After the coronation Richard set off on a progress around his realm, which was to culminate in his triumphant entry into York on 29 August. Shortly after he left London late in July news reached him of an attempt to rescue the princes from the Tower of London. The attempt had failed, but it probably prompted the princes' death. Certainly contemporaries quickly came to believe that the princes were dead, for, when opposition next surfaced, it did so with Margaret Beaufort's son, Henry Tudor, as its figurehead: an inconceivable choice if Edward V and his brother were thought to be still available. News of the rebellion in Tudor's favour reached Richard as he travelled south through Lincolnshire in the second week of October, although it took time for the full extent of the unrest to become apparent. The rebellion affected English counties south of a line from the Wash to the River Severn. It was probably also intended to include Wales, where the elevation during the protectorate of Richard's ally, the duke of Buckingham, had challenged the power of Edward IV's servants in the region; but Buckingham's decision to join the rebels neutralized that element of the rising directed against him, and Tudor writers were agreed that it was the failure of Buckingham to win support that led to the collapse of the rising elsewhere. By the beginning of November the rebellion was effectively over.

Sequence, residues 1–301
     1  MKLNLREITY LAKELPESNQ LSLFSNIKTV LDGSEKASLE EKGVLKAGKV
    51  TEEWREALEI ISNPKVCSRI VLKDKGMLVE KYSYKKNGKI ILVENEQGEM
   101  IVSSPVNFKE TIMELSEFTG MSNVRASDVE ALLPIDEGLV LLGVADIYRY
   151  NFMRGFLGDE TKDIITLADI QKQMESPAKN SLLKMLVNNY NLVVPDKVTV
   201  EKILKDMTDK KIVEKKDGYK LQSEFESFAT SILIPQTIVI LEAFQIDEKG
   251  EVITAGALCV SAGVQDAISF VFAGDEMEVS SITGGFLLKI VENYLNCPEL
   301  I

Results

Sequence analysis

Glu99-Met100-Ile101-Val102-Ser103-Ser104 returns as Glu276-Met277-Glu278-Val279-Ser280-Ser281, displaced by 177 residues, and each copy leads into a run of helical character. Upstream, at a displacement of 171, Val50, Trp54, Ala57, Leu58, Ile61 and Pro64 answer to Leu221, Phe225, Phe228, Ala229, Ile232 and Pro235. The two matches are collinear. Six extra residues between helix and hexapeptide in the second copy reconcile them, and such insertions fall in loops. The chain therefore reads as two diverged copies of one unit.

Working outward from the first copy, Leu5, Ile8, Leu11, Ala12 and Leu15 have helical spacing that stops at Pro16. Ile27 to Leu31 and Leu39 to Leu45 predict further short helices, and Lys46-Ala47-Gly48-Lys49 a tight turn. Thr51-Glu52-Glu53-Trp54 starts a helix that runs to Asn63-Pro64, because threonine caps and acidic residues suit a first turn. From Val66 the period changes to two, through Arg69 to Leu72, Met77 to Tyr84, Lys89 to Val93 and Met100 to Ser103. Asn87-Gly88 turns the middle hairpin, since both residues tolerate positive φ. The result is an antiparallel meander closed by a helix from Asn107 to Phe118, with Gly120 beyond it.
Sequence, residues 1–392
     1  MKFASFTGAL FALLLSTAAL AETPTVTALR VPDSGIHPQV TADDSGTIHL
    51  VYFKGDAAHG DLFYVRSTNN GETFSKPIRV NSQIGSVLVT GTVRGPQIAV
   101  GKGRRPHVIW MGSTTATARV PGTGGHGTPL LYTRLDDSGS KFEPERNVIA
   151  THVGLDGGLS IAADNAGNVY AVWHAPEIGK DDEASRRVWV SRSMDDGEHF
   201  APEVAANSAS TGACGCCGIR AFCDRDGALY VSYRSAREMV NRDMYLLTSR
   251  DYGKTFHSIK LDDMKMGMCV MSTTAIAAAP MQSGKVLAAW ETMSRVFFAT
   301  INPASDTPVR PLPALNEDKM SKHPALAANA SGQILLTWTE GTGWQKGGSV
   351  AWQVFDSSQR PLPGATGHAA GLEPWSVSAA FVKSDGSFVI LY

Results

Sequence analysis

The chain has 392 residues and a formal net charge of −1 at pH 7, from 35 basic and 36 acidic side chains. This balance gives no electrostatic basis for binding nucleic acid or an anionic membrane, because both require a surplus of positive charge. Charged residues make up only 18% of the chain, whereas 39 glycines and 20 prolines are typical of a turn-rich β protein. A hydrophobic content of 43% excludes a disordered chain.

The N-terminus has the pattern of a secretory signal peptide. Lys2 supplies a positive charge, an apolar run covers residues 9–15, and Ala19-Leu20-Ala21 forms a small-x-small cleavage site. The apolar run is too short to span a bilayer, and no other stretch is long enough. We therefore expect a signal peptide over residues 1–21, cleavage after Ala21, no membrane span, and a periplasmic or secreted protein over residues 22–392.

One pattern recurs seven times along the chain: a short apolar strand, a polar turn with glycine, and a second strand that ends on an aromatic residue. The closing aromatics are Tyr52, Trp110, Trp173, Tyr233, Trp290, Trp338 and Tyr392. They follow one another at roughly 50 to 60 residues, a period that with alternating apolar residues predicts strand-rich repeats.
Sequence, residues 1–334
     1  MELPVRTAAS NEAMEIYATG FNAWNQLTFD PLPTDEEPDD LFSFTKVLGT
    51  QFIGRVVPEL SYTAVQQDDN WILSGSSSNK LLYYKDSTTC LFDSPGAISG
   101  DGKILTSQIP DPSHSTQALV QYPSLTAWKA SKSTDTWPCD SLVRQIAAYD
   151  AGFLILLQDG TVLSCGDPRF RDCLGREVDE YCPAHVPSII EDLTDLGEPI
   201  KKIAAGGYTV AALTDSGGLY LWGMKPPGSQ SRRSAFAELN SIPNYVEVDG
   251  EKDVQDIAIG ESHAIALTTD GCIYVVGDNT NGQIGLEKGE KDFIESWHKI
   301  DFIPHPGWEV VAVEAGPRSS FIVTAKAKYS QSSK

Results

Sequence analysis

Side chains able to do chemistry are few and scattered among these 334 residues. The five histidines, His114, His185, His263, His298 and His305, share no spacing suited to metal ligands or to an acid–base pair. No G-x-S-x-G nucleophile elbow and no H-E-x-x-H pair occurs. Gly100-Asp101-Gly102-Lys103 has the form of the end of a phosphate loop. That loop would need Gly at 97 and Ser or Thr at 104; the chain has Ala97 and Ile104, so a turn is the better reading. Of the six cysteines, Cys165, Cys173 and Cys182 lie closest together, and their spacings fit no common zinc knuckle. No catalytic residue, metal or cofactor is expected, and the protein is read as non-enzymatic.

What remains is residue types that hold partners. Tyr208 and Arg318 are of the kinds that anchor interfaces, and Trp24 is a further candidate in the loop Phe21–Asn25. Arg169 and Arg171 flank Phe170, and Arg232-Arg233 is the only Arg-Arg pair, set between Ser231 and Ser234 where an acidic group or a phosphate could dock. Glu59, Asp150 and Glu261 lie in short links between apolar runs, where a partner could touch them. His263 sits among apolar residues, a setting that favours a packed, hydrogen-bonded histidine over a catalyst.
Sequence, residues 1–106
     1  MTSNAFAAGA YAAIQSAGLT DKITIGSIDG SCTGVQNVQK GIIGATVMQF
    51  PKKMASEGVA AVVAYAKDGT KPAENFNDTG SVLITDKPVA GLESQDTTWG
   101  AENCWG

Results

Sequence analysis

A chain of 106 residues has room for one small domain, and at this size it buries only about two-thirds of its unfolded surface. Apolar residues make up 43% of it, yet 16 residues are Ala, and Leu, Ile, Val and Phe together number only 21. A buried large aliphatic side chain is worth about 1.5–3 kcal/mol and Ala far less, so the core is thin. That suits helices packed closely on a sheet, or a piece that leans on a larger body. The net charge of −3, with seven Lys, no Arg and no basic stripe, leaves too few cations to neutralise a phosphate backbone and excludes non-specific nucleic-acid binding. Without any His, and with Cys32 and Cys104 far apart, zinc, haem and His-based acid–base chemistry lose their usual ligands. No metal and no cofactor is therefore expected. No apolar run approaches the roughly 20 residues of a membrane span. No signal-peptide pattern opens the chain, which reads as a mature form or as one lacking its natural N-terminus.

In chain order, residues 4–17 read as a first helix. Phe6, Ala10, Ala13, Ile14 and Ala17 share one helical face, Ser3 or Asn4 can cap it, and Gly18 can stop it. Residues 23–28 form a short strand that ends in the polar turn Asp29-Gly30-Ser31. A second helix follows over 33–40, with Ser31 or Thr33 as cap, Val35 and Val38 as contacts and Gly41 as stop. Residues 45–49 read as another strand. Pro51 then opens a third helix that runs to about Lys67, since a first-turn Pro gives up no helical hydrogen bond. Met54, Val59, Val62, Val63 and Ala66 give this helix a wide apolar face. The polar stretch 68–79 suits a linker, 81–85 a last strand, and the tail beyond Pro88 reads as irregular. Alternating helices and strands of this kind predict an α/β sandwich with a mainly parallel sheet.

Although the rebellion had collapsed without coming to battle, it left Richard III with two uncomfortable legacies. One was the existence, for the first time since 1471, of an acknowledged rival claimant to the throne. The other was the revelation that Richard did not, as he had assumed, enjoy the support of his brother's former servants in the south, many of whom had joined the rebels. The king's response was to use the land and offices forfeited by the rebels to establish trusted servants, many of them from the north-east, in the areas most badly affected by the rebellion, where they could spearhead the reassertion of royal authority: a process which was already under way before the attainder of the rebels in the parliament of January 1484. This ‘plantation’ of outsiders was deeply unpopular, and was to breed further disaffection in the counties concerned.

Continuing unrest

In the short term, however, the rebellion's failure brought Richard a few months of apparently unchallenged authority. Parliament endorsed his title to the throne and granted him the customs revenues for life. Some rebels had sued for pardon before parliament rose, and escaped attainder; others returned to the fold in the course of the spring. But in July 1484 there were further signs of unrest. A commission was appointed to investigate ‘great treasons’ in the south-west, and, in London, William Collingbourne and others conspired to incite Tudor to invade. On 18 July Collingbourne pinned rhymes and ballads of seditious language on the doors of St Paul's including, presumably, the doggerel credited to him by Tudor writers: